At the same table, across from him, sat his constant companion and manservant, as well as physician; an older man who had attended him the several years he had been hospitalized, and subsequently retained by him upon his discharge from the military hospital in New York. Three more years had elapsed since then . . .years lost in time, whose ravages were inconsequential to him, for time has no dimension to a man who lies inert in darkness and is bereft of the knowledge of identity. A vegetable has no knowledge of self!
Some time before leaving America on his voyage to France, his functional memory suddenly began resurrecting itself. His mind became spasmodically assailed with intermittent and increasingly vivid flashes of disturbing, nostalgic scenes and sounds, attended each time by a precursor of intense physical pain in his head. Finally, as these transient images persisted, their replication and extended their tenure of existence in his mind, he gradually began to discriminate their structure. Then, with seemingly sentient determination, they metamorphosed finally into some semblance of availability he could relate to, and realized they must somehow have been a consequential, if not vital link in the broken chain of his interrupted life!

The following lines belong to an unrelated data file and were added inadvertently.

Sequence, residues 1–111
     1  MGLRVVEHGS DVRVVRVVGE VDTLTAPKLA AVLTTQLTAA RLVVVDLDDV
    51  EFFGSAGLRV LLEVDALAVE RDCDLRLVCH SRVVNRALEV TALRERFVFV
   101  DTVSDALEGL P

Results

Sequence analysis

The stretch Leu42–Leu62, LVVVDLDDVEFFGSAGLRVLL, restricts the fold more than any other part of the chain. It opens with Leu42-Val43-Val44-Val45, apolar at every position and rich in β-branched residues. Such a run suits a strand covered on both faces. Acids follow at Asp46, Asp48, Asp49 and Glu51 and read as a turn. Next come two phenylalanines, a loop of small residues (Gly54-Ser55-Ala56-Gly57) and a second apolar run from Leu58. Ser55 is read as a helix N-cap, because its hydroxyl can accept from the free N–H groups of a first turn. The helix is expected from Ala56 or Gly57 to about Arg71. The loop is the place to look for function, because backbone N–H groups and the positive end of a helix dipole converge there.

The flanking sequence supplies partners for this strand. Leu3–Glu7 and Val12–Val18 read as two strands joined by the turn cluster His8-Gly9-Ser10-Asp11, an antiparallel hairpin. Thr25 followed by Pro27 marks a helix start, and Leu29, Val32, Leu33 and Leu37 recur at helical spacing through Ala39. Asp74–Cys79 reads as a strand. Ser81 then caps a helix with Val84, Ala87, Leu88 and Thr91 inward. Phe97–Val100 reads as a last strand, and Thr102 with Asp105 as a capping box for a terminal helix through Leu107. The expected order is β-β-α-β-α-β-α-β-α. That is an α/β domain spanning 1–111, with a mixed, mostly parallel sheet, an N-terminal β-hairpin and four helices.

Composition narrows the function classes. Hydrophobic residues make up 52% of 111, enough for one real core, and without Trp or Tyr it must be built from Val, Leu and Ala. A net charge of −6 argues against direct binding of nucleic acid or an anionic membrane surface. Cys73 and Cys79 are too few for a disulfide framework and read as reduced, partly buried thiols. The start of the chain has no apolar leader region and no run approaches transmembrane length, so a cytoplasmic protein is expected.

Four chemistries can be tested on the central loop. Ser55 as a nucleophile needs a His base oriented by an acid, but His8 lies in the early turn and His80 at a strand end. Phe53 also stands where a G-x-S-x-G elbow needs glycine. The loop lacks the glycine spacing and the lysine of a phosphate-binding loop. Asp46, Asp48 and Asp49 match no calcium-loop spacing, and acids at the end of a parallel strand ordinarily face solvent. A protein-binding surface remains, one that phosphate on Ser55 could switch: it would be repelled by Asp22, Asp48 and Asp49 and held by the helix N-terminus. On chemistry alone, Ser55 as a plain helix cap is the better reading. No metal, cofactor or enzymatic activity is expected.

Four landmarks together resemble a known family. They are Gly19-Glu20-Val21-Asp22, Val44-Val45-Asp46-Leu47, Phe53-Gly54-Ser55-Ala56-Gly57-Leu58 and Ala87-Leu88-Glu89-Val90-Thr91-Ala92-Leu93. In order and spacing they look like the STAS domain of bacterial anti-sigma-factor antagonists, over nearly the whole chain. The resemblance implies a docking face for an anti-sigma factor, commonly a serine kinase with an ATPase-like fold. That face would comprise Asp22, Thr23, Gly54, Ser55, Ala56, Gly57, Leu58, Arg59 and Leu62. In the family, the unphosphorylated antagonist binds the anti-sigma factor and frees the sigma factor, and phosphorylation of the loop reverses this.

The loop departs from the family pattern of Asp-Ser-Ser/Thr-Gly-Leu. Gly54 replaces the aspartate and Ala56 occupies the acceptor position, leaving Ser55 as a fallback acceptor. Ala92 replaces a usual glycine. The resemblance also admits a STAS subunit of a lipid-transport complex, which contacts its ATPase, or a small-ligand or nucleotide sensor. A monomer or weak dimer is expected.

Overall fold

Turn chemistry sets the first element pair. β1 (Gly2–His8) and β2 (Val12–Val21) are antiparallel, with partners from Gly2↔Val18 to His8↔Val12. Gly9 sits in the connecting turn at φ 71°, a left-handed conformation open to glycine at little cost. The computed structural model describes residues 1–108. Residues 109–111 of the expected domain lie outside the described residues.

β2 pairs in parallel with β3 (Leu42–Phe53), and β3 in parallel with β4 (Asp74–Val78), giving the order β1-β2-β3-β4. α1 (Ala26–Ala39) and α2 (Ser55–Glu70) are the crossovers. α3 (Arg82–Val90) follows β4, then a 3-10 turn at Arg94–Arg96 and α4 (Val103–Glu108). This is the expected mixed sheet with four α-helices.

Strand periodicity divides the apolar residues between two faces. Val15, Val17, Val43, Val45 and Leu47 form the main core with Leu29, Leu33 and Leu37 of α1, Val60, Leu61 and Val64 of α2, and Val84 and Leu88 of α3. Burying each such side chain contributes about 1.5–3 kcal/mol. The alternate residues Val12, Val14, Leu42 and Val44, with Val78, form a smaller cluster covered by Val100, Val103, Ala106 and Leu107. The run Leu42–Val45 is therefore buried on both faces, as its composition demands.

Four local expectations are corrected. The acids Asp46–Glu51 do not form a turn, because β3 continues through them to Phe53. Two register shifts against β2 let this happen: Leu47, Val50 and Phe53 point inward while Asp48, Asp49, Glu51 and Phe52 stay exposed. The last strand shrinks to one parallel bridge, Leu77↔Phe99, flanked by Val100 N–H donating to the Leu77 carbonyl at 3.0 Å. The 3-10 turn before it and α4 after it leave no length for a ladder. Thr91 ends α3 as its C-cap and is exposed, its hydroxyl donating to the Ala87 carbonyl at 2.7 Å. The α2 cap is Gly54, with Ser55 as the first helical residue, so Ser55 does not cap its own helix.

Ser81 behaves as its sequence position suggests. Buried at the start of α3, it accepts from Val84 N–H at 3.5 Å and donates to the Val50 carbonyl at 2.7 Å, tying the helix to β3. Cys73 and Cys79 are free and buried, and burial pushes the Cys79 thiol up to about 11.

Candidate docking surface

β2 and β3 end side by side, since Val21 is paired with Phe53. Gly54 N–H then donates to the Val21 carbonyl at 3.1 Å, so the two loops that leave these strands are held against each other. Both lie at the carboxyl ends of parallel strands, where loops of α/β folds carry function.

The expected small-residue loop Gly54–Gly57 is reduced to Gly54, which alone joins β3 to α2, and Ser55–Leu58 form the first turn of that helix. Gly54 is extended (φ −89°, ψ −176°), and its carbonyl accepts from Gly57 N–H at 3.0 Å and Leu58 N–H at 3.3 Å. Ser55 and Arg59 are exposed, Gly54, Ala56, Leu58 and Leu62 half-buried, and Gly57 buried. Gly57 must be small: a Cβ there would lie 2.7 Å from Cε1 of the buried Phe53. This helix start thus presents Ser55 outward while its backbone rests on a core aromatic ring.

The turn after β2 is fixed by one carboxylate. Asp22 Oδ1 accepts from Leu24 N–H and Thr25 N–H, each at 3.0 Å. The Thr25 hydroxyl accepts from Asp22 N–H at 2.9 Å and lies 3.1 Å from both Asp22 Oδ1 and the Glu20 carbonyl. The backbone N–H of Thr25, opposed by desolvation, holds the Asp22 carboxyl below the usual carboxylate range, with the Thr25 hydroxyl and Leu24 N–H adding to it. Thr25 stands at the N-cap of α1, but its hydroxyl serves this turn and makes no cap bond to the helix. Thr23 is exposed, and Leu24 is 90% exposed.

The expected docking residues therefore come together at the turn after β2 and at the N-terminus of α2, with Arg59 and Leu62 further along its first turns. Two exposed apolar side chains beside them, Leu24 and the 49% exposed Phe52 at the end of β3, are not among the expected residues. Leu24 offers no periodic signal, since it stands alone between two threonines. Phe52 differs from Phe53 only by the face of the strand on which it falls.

Yes, he knew he was alive now! He knew he was a man! It was the eternal darkness he did not understand! But instinctively he knew these pictorial flashes were a psychic or spiritual message importuning him to reclaim an essence of great value that had once belonged to him and, still existing, could be his again, for the taking.
Progressively with each resurgent experience the accompanying physical pain diminished, to be superseded by a nostalgic echo in his empty heart, and an escalating resolve to recapture his memory and secure the substance of this lost beauty that seemed so dear to him.
And then one day, as he reclined fretfully in his easy chair listening as his friend read to him from a book of poetry, a vital incident of memory flooded back upon him for an instant, in a great deluge of passion and alarm! And at last he knew his pain was love, for these two are inseparable. And he knew that love was stronger than death and that love had given back his life to him. If only a thread! It was a clue . . . a beginning! Yes, there had been a girl. And they had been inconsolably in love!